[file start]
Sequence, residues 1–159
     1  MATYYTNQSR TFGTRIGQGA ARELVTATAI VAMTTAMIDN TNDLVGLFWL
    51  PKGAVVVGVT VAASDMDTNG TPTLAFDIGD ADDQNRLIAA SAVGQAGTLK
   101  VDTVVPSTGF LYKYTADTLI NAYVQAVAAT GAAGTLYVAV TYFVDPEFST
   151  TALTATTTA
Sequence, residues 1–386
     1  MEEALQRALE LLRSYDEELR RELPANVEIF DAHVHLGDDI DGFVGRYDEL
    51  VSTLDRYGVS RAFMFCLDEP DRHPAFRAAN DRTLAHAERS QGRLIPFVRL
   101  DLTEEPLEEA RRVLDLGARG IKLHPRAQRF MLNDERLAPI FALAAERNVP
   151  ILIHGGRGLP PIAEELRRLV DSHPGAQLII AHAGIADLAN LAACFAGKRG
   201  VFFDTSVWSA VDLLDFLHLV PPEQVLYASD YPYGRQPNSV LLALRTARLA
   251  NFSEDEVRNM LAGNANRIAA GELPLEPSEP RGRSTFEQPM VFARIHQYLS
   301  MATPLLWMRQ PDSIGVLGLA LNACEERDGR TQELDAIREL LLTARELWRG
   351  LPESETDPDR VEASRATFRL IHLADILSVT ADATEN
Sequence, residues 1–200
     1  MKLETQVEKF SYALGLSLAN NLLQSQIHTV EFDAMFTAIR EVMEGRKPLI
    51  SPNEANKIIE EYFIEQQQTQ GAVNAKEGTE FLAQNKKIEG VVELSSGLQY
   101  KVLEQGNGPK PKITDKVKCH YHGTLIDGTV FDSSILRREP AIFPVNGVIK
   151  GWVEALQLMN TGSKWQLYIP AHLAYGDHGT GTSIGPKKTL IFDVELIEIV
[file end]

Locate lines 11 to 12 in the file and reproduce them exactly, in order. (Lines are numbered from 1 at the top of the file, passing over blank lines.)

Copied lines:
   201  VFFDTSVWSA VDLLDFLHLV PPEQVLYASD YPYGRQPNSV LLALRTARLA
   251  NFSEDEVRNM LAGNANRIAA GELPLEPSEP RGRSTFEQPM VFARIHQYLS